David Ortiz rips MLB for punishing Brandon Workman but not David Price

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CLEVELAND — For the most part, the Red Sox took the high road in regard to the news that pitcher Brandon Workman was suspended for six games for his actions in last Friday’s showdown with Tampa Bay — and the corresponding lack of discipline taken toward the Rays’ David Price.

Manager John Farrell maintained a diplomatic tact, saying the Red Sox had presented their side of the confrontation and have to deal with the fallout. Workman, who is appealing the suspension and will pitch as scheduled Wednesday, continued to maintain that he wasn’t throwing at Evan Longoria.

But David Ortiz showed no such restraint.

“[The Rays] started everything and we’ve got to pay for it, basically,” fumed Ortiz, hit in the back in the first inning by Price, who went unpunished. “That’s the message I’m getting. I don’t have any answer for it. But like I say, man, there’s way too much evidence now that he hit me on purpose and the funny thing is we’re the ones getting fines and suspensions, all that kind of stuff.

“I guess the rules are not for everyone.”

And while Workman continued to insist that the ball slipped when he threw up and behind Longoria several innings later, Ortiz was more direct about his teammate’s motivation.

“He was supposed to back up his teammate — that’s what he did,” said Ortiz. “I don’t want to see nobody getting hit or hurt. But to be honest with you, nobody planned Workman going out there and trying to hit Longoria, which he missed. But at least he sent a message — you hit my players, I hit yours.”

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Ortiz still isn’t buying Price’s original assertion that he was trying to establish his fastball inside when he drilled Ortiz in the back in the first inning.

“Bro, the guy gave out 8 walks in 80 innings,” said Ortiz. “You know what you’re doing out there. In my case, when he hit me, I was a little confused. As the game went by, I started seeing things different. That’s why I was so angry after the game. I think MLB should [review] this and come up with the real deal because I don’t think what they’re doing is fair.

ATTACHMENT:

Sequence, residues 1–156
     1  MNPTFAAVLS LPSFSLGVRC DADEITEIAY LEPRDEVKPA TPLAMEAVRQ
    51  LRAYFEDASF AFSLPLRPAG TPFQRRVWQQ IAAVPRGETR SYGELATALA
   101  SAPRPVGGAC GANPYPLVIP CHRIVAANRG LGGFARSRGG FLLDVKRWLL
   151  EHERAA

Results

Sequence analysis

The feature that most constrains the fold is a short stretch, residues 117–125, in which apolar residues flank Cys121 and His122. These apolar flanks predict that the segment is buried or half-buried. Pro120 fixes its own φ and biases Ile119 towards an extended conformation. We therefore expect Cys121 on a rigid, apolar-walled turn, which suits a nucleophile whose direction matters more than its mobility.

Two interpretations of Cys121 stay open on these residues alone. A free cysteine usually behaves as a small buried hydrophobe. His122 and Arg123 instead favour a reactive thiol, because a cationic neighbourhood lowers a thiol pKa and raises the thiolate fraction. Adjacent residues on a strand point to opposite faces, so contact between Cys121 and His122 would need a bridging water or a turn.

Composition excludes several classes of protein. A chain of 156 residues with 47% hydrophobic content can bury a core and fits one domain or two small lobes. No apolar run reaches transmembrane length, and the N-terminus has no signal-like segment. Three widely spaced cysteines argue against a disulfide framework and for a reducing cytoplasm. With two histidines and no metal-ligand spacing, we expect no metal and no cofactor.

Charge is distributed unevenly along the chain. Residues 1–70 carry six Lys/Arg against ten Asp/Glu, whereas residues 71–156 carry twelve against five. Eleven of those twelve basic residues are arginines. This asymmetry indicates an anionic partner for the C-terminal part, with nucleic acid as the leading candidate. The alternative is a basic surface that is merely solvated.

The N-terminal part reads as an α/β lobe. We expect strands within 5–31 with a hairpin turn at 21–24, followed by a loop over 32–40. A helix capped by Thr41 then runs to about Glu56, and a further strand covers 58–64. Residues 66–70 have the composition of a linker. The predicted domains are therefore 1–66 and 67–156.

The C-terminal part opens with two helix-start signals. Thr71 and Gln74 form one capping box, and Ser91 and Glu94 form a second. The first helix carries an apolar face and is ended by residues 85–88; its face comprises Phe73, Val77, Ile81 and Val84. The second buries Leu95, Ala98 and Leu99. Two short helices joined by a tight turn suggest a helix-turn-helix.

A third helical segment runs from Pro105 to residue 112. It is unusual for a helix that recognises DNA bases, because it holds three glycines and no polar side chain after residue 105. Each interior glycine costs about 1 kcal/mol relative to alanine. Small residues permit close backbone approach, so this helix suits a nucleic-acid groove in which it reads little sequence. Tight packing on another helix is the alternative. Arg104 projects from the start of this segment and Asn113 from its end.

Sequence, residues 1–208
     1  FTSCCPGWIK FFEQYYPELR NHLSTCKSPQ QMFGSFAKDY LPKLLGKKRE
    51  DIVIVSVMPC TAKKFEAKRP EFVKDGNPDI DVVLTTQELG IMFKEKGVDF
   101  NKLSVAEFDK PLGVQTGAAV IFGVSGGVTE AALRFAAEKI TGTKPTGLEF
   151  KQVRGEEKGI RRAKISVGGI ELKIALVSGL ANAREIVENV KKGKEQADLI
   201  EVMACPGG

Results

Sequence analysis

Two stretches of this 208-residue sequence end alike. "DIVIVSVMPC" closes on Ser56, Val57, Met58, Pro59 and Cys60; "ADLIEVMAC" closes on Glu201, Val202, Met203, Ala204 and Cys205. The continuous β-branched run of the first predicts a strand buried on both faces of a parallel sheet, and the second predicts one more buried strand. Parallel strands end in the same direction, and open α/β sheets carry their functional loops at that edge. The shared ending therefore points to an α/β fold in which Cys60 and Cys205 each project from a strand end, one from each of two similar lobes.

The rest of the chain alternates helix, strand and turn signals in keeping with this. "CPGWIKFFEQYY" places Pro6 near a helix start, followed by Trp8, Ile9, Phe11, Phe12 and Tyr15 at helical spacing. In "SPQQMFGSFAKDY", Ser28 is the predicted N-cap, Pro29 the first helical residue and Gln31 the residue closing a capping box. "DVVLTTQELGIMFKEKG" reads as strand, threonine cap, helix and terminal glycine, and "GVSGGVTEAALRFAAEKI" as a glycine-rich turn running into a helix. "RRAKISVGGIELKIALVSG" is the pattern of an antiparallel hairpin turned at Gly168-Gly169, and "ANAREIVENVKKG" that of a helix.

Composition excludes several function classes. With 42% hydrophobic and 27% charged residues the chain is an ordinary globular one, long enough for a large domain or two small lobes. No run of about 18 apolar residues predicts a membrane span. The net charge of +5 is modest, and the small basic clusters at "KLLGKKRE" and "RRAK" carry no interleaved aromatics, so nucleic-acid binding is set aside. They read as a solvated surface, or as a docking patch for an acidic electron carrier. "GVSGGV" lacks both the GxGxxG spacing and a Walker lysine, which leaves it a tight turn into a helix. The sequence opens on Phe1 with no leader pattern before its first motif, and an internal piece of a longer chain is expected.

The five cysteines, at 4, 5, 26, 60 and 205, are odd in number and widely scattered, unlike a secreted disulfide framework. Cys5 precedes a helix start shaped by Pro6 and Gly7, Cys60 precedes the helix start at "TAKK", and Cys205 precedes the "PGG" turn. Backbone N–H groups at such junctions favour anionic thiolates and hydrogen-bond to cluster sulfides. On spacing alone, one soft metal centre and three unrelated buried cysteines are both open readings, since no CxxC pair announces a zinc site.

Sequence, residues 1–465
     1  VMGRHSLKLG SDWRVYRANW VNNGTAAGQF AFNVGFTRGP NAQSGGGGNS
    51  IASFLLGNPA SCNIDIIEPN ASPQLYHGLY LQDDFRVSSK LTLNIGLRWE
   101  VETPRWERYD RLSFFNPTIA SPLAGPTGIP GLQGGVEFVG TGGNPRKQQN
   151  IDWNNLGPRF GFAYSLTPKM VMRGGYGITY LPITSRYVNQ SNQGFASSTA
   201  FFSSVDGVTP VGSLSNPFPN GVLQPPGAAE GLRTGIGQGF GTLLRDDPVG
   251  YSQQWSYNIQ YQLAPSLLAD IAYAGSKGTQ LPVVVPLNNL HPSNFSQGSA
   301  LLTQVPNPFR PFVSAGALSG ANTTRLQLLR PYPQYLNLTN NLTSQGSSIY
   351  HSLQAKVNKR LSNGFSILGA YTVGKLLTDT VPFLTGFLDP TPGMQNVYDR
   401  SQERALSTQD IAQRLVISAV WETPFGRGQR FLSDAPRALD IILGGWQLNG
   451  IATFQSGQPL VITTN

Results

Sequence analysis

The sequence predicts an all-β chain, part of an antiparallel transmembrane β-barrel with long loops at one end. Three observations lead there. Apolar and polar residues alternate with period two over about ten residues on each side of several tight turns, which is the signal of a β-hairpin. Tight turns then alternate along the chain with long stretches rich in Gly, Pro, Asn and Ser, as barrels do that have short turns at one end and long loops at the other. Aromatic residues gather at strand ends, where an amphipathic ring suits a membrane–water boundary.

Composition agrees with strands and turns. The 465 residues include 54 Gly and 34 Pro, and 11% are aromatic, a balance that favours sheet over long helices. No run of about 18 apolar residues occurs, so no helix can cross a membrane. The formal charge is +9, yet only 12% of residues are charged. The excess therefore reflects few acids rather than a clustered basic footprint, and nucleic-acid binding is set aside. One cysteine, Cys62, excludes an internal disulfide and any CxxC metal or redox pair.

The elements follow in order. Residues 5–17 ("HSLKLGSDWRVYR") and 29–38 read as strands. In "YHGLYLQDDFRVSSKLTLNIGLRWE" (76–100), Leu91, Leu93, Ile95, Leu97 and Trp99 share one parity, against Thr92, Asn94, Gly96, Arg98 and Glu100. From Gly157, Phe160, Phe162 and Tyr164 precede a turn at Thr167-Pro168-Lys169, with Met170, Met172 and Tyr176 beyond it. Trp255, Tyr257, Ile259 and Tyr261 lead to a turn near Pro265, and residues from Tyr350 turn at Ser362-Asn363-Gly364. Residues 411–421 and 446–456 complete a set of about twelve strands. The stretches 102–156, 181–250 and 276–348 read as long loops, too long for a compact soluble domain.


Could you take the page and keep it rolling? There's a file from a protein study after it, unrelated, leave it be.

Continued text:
“I think the rules should for everybody. We didn’t start this up. I didn’t hurt nobody. Workman wasn’t hitting anybody in the first inning. They did.”

At first, Ortiz didn’t believe Price had intentionally hit him, since the Red Sox slugger recalled two conversations he had in the aftermath of Game 2 of the ALDS last October. Price was initially miffed that Ortiz stood and admired the second of his two homers and voiced his displeasure in a phone call.

But Price later called back and apologized and then repeated his apology publicly in Tampa following the day. Ortiz thought the issue was long resolved.

“That’s why I was [first] thinking, ‘Did he really do that on purpose?’ ” said Ortiz. “But like I say, I don’t care about we he did or does from this point on. What I care about is MLB looking at the case from the point where I didn’t start this up. Workman didn’t start this up. Price did.

“I thought the rule was for everybody. I thought the minute you figure that someone hit somebody on purpose, it says right there you’ve got to follow up [with discipline]. In this case, it seems like they didn’t.”

Ortiz also added this warning: “In my case, I’ve made my point clear. I’m not going to get hit again. Not by him. I’m not going to get hit again by him. He did it on purpose. He punked me and that was very disrespectful. I’m a grown-ass man and I’ve been around the league for a long time and I know how to take care of business of my own.”

Report: Brewers sign Yovani Gallardo to a major league deal

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Free agent right-hander Yovani Gallardo is headed back to the Brewers on a major league deal, The Athletic’s Ken Rosenthal reports. No other terms have been reported yet, as the agreement is still pending a physical.

Gallardo, 31, completed a one-year run with the Mariners before getting his $13 million option declined by the team last month. He provided little value during his time in Seattle, pitching to a 5-10 record in 22 starts and putting up a 5.72 ERA, 4.1 BB/9 and 6.5 SO/9 in 130 2/3 innings as both a starter and reliever.

Still, assuming the veteran righty is on the cusp of a comeback, he may as well try for it with his original club. Gallardo last appeared for the Brewers from 2007 to 2014, racking up a cumulative 20.8 fWAR and peaking during the 2010 season, when he earned his first All-Star nomination and Silver Slugger award. This will be his ninth career season with the club.

Even with Gallardo aboard, the Brewers are expected to continue deepening their pitching stores for 2018. With team ace Jimmy Nelson still recovering from shoulder surgery, the club will enter the season with a projected rotation of Gallardo, Zach Davies, Chase Anderson and Junior Guerra, the latter of whom pitched just 70 1/3 innings in 2017 following a right calf strain and shin contusion. Another big name pitcher could help cement Milwaukee’s rotation and keep them competitive for another year, though they don’t appear to have made any concrete moves in that direction so far.